Curriculum: Agriculture: Energy
& Environmental Technology [§
Texas Legacy site hosts a variety of educational curricula, lesson
plans, keys and ideas, and supporting media, including video,
databases, transcripts and other material. Below you can find
the TEKS Agriculture standards for Energy and Environmental Technology,
particularly Natural Resources, as
described in section
119.22(c)(2), with relevant
activities drawn from this archive.
determines the importance and scope of natural resources, energy,
Excerpts of TEKS Text
(A) identify various types of natural resources;
TexasLegacy.org narrators discuss many aspects about the types,
function, and distribution of various natural
identify and describe the state's many natural resources, please
website and/or the
log using natural resources (water, energy, land,
lignite, etc.) as search terms, which will lead you to extensive
discussions and examples of what these natural resources are,
how they are used, and what limits there are to their use.
(B) define the impact of natural resources on the agricultural
conservationists, the TexasLegacy.org participants have a strong
interest and talent for seeing and gauging the impact of natural
resources on agriculture.
Natural resources affect the agricultural economy in a number of
ways. Below are four major examples: soil, water,
wild plants and animals, and energy.
Clearly, soil is a major factor, and rancher
Walt Davis, farmer
Dennis Holbrook, and agricultural supplier
Malcolm Beck discuss ways to build up fertility,
tilth, and microbial life. On the reverse side,
Andy Wilkinson recalls the Dust Storm of the 1950s,
which caused the loss of so many millions of tons of soil.
Water is another natural resource with great and
immediate impact on agriculture.
Andy Wilkinson and
John Carpenter talk about the critical value of water in
the Panhandle and Trans Pecos, respectively.
Increasingly, the native vegetation and wildlife is a valuable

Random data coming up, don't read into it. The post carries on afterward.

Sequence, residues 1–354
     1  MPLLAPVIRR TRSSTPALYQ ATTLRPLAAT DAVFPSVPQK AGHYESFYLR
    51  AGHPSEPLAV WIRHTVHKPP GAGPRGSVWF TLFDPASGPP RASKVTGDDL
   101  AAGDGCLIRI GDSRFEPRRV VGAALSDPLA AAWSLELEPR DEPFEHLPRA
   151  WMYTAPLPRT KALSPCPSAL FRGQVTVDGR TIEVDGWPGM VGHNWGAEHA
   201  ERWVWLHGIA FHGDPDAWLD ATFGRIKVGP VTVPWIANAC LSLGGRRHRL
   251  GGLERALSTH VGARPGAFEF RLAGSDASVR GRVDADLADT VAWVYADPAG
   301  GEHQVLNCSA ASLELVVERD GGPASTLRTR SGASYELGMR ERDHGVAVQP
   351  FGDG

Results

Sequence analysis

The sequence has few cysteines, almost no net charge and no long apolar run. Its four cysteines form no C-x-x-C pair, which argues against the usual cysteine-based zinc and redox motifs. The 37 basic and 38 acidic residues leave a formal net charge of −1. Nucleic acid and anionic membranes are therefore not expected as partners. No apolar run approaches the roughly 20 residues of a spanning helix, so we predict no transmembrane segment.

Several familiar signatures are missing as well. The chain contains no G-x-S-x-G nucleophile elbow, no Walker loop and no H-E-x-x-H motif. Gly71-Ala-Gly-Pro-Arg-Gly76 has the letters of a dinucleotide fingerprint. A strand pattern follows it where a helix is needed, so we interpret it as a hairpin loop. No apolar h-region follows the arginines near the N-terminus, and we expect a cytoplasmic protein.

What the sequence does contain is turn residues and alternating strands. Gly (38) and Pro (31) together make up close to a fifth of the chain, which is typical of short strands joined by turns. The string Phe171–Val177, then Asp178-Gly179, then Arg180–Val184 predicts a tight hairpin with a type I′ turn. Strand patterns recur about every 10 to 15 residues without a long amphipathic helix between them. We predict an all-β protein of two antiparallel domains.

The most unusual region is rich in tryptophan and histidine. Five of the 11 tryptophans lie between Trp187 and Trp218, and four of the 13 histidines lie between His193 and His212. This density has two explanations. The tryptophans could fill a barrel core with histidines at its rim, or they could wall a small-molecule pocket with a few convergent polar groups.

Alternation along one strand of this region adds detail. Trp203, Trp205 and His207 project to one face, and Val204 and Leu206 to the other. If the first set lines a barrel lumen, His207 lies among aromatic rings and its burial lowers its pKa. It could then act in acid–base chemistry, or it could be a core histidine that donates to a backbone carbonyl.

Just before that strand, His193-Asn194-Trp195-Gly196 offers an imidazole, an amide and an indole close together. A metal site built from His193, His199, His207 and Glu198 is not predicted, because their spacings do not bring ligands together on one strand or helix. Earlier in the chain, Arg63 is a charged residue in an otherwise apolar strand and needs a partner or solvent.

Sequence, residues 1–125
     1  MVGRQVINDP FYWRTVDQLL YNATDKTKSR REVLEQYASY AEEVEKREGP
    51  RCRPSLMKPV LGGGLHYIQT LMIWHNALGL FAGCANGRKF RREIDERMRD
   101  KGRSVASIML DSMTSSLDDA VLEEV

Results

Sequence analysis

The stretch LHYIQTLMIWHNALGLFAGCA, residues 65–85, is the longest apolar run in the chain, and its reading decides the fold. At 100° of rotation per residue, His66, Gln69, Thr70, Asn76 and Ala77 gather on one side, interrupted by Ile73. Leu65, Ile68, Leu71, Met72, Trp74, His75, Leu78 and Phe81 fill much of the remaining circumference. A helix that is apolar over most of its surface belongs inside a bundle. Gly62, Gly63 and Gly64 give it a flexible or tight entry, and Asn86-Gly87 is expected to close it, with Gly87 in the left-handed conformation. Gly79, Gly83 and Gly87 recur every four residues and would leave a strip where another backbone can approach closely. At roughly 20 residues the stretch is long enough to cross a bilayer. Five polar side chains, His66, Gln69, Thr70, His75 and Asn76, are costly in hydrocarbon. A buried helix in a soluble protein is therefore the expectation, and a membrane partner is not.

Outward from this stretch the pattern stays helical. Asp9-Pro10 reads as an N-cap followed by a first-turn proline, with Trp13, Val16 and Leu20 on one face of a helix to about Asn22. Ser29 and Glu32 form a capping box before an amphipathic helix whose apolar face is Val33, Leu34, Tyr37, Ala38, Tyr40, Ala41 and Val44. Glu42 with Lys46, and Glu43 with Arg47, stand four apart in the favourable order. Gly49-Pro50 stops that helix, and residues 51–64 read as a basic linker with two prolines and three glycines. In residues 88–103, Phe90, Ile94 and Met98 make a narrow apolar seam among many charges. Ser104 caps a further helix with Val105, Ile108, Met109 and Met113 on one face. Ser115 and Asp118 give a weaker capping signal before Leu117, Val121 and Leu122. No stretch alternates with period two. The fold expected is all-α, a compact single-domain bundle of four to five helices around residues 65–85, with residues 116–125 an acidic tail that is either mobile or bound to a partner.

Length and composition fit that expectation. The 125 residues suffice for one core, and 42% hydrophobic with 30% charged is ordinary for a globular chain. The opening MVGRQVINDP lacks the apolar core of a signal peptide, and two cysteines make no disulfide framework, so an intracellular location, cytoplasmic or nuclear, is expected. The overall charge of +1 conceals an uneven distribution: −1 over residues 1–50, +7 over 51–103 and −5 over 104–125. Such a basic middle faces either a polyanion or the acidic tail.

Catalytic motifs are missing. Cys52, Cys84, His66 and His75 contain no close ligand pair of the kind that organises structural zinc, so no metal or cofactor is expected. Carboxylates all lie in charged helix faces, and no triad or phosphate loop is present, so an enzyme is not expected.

and important natural resource for agriculture.
Benito Trevino and
Scooter Cheatham discuss the uses of wild plants.
Al Brothers and
David Langford talk about the value of wild animals in
an agricultural context.
Energy from the sun is the key driver for photosynthesis
and thus the foundations for agriculture. Rancher and
Peggy Sechrist explains this fundamental idea, and the
use of "solar dollars" as a way to track and invest in this
(C) define the geographic and demographic distribution of
Narrators in the TexasLegacy.org archive hail from more than 60
communities, representing all geographic regions of Texas.
They can speak well to the varying distribution of natural
resources across the state, both in terms of demographics and
Please visit the
page of the site, which will lead you to links for audio, text,
videos, and photographs about the landscapes of the Texas
Coastal Plain, Crosstimbers, Hill Country, Panhandle, Piney
Woods, Rio Grande Valley, and Trans Pecos areas.
Video excerpts about particular regions are also available.
For example, insights about Big Bend are available from
Hal Flanders, and
Chester Rowell. Big Thicket videos that give the
Maxine Johnston, and
Geraldine Watson, as well as a
trio can also be seen.
Ike McWhorter and
George Russell teach about the east Texas
Piney Woods. Lessons about the Texas prairies,
which stretched from the Crosstimbers to the Trans
Pecos to the Panhandle, can be heard from
Bob and Mickey Burleson,
Jim Eidson, and
Interested in learning about natural resource questions from the
local, town-by-town perspective? Please see how a
local narrator can give his or her perspective.
The population of Texas is growing rapidly, and shifting
David Schmidly explains how this population growth has
implications for open space and habitat resources in the
Stuart Henry shows how the demographic shift west, away
from the wet areas of the state, will have serious consequences
for water resources in Texas.